January 15, 2013
I’m back from California to dreary, rainy Paris.
I know. I have no right to complain. But my two-and-a-half weeks in LA really highlighted the differences between my two cities, and what I had taken for granted while living in Santa Monica. Also what I have been missing here, more than 70° weather in January.
And but so I’ve decided (not resolved; I don’t do that) to do more things like this: invite a friend over for a simple lunch of roasted chicken, perhaps pepped up a bit with spice. Because what I’ve been missing here more than anything else is a sense of community. The kinds of friends who you don’t have to make elaborate dinner plans to see. Just come over. We’ll watch some things on YouTube and drink wine and eat too much.
November 9, 2012
I’ve been craving fried chicken for weeks. The problem is, I know that a proper fried chicken involves buttermilk, and I didn’t know where to get buttermilk in Paris.
Sure, I could have used the usual trick of mixing a spoonful of vinegar into milk, but that’s really just an acidity adjustment. I wanted the actual flavor of cultured buttermilk. I was bemoaning my fried chicken-less state to a friend when she mentioned that some crepe places sell a drink called lait ribot, which tastes a lot like buttermilk.
I had known about lait ribot and seen it on some menus, and I knew that it was cultured, soured milk, but I don’t know why I didn’t connect it to what Americans call buttermilk. Well suffice it to say I immediately went to my fromagerie and asked if they carried lait ribot, to which the nice lady handed me a liter with a “… vous connaissez lait ribot?” I guess it’s an acquired taste here, too.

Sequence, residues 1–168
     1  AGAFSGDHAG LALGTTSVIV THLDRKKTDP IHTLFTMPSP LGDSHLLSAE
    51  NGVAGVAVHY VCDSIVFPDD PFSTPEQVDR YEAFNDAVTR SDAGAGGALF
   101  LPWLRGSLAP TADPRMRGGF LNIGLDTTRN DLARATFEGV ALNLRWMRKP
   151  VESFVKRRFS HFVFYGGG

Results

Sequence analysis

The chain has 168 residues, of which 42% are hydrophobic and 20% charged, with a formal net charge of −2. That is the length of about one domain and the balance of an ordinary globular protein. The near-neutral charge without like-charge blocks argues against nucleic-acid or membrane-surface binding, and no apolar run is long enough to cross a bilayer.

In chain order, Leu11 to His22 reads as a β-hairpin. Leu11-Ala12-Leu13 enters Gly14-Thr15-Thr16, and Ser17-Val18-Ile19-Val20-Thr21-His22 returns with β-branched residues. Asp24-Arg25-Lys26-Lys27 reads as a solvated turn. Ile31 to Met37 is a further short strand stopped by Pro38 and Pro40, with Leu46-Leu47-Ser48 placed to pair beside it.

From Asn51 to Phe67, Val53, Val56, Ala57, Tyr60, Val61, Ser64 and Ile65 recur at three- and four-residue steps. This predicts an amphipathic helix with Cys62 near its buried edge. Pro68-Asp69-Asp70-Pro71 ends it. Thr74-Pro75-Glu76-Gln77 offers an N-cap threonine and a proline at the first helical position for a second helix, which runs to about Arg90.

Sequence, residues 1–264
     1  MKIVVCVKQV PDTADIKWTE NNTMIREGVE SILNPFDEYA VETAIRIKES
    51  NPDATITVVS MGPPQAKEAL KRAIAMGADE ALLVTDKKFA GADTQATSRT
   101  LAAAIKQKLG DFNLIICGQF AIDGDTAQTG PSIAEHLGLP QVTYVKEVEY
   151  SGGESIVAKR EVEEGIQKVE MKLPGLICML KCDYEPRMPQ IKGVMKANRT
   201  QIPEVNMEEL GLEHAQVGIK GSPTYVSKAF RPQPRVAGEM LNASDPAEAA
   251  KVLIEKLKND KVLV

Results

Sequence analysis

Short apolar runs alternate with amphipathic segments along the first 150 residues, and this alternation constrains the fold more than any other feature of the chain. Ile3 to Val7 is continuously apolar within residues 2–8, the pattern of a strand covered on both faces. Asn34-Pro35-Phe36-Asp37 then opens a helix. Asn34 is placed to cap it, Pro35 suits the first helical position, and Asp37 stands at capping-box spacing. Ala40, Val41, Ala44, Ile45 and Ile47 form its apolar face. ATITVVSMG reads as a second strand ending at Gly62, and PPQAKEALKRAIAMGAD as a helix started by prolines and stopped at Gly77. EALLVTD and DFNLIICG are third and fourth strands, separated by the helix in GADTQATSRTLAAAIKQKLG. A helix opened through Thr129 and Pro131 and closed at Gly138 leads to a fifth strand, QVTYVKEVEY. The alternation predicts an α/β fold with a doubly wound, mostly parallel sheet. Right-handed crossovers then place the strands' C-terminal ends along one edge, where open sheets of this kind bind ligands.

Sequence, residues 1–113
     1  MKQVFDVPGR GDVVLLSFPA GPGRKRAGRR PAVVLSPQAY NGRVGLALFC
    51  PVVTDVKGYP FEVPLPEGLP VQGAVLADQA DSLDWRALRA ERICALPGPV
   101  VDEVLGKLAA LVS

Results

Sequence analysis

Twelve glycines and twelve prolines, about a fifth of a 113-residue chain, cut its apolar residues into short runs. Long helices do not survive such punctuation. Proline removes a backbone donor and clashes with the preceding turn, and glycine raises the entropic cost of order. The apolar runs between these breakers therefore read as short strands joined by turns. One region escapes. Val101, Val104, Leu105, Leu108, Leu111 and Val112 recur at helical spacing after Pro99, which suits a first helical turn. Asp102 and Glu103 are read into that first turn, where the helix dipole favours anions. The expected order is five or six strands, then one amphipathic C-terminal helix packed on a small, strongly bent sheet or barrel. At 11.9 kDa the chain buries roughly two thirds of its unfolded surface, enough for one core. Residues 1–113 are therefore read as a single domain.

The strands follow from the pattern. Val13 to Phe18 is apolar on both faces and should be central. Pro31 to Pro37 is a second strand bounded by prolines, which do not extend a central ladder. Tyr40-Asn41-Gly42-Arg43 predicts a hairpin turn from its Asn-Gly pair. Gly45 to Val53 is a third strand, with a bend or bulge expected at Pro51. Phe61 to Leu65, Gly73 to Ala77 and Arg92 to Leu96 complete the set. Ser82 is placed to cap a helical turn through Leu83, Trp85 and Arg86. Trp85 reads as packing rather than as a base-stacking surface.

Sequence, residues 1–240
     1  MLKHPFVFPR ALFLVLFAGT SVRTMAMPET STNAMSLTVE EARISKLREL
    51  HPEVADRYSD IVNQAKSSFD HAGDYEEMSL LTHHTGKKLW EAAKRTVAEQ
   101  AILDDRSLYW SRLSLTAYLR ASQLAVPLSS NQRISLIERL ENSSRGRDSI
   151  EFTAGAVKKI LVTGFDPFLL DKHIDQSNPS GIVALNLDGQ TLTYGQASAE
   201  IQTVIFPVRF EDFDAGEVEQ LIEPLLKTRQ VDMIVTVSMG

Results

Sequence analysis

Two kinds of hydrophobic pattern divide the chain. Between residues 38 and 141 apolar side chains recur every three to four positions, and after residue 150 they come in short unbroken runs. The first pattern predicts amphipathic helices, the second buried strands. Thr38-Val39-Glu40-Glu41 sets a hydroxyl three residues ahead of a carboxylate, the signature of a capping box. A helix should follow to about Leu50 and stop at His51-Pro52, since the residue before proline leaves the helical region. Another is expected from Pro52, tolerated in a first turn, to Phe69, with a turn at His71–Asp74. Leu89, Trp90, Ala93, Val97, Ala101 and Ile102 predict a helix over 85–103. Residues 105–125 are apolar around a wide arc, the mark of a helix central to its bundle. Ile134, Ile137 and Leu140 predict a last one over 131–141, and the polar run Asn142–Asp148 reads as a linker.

The problem with fried chicken is that usually, I want it now, but good fried chicken takes a day or so of prep. You let it sit in an herby, oniony brine that saturates the chicken, flavoring it all the way through and ensuring that the cooked meat will be perfectly seasoned and juicy.
Ruhlman’s brine is so simple and so effective — I’ve never had a more tender piece of chicken in my life, and it took so little effort that I’m tempted to use it on every piece of poultry I bring home. The breading here is exactly what you want from fried chicken, with baking soda that reacts with the buttermilk to create that fluffy, crackly lift and paprika and cayenne for a low buzz of spice. And of course, it’s excellent cold as well as hot out of the fryer.
August 11, 2012
Despite living in what feels like the restaurant capital of the world, Tim and I eat dinner at home most nights. I usually give him a choice between two or three things I’m thinking of making, I start cooking when he gets home from work, then we eat together in front of the TV with a glass of rosé or iced tea and an episode of Game of Thrones or, um, Futurama.
I think I like these nights best. Sure, I love tasting what the chefs have to dish out at fancy bistros, but what I like better is feeding people I love. Cuddling on the comfy couch with something hot and delicious, knowing I’m doing that most basic of things, providing sustenance for my loved one, feels intensely fulfilling.
June 25, 2012
We go through stunning amounts of hummus in this house. I don’t know how he got into the habit, but Tim eats the stuff with nearly every meal — for breakfast, with his eggs and toast. For afternoon snacks, with pieces of baguette. Sometimes as a side with dinner.